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The ‘trillionth tonne’ of carbon (and why we can’t release it…)

From the IFRF Office
Contributed by Philip Sharman
Sheffield, Thursday 23rd November 2017

Following our item on the UN Climate Change Conference 2017 (‘COP23’) in the last MNM and particularly the comment that “it is the cumulative inventory of greenhouse gases in our atmosphere that is the crucial factor”  where climate change is concerned, we thought you might be interested in this.

That item reported that emissions of carbon dioxide – the most significant of the greenhouse gases – are now 145% of pre-industrialised (i.e. before 1750) levels.  However, it is the cumulative emissions since that time from fossil fuel use, cement production, land-use change, etc. that is critical, and this amounts to just over 0.6 trillion tonnes of carbon.  This cumulative emission is estimated to have caused just over 1°C of global warming.  The consensus view amongst the scientific community is that a further 0.4 trillion tonnes of carbon will lock us in to a most likely warming of around 2°C, widely regarded as the threshold for serious climate change impacts.  Therefore, the concept of the ‘trillionth tonne’ of carbon, and its fate, epitomises the climate challenge we face:  If it is released to atmosphere – which current rates of emission indicate will happen in less than 40 years – we are firmly on the path to 2°C of warming.  Therefore, we must ensure that the ‘trillionth tonne’ is not released.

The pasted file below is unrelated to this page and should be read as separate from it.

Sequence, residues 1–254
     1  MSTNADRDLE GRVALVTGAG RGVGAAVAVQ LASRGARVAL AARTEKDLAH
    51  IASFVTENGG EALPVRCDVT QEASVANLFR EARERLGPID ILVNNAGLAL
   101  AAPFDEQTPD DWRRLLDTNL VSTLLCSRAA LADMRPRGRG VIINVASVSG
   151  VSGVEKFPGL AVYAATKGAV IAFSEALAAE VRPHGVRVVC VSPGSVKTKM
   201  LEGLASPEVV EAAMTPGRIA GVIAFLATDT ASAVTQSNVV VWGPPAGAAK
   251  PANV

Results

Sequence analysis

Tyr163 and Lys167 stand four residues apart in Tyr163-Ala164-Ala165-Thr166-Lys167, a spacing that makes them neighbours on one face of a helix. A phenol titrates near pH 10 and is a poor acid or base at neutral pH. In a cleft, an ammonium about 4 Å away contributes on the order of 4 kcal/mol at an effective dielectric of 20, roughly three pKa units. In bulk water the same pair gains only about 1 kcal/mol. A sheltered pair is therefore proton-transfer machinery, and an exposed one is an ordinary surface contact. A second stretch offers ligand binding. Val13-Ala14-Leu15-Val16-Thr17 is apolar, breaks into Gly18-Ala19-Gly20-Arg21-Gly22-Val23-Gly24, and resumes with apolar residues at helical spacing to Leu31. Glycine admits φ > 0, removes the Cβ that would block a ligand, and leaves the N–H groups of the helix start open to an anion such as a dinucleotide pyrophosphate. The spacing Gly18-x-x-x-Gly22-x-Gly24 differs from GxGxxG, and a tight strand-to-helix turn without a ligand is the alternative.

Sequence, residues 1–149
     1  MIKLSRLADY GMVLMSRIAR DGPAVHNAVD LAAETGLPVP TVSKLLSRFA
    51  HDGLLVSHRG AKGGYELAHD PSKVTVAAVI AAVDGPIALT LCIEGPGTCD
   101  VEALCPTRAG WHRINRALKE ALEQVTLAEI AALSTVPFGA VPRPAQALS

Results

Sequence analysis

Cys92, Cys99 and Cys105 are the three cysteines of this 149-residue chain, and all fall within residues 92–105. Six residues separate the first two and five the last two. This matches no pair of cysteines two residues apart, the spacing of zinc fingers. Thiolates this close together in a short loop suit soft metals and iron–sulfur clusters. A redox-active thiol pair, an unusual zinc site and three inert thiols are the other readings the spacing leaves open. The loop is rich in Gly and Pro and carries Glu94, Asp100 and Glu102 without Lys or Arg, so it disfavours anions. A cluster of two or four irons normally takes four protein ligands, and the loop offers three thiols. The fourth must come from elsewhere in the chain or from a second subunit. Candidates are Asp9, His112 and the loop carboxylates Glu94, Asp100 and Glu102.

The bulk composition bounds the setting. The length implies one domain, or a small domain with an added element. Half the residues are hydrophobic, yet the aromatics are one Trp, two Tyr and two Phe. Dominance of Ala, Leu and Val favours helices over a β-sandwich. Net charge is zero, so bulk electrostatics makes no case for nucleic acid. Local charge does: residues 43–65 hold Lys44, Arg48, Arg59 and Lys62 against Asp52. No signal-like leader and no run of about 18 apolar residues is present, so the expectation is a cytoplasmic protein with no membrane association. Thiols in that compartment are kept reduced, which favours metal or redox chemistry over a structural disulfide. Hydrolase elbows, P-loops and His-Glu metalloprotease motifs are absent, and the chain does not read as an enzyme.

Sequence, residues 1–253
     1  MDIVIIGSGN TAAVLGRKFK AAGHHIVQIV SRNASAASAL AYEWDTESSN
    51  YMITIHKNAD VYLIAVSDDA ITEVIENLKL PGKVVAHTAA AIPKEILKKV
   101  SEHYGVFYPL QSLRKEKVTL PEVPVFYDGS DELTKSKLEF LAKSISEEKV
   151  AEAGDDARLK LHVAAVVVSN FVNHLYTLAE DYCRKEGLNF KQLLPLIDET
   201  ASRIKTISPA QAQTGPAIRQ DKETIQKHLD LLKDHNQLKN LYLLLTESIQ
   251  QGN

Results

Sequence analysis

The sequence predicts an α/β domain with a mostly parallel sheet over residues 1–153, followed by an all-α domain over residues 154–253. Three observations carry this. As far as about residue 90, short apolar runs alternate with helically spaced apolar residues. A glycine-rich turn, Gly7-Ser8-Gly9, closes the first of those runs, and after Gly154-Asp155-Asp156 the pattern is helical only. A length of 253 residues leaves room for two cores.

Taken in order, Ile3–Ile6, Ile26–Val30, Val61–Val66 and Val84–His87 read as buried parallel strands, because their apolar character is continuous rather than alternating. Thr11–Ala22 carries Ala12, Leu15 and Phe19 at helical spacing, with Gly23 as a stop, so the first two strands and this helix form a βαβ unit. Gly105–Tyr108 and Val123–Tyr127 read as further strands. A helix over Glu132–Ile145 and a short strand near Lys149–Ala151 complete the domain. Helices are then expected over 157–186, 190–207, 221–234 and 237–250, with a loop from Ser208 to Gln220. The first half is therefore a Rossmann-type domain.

This topic is explored in an informative website www.trillionthtonne.org, which has an eye-catching running counter (indicating 616,596,948,895 tonnes of carbon and counting).  Two other sobering ‘counts’ also catch your eye:  Based on emission trends over the past 20 years, the trillionth tonne of carbon will be emitted in the early afternoon of Sunday 9th November (!), and to avoid its release, emissions would need to start falling at a rate of over 2.85% per year (note the comment in the ‘COP23’ piece reporting that the rate of emission is currently rising again having plateaued in the last three years).  Sobering indeed…


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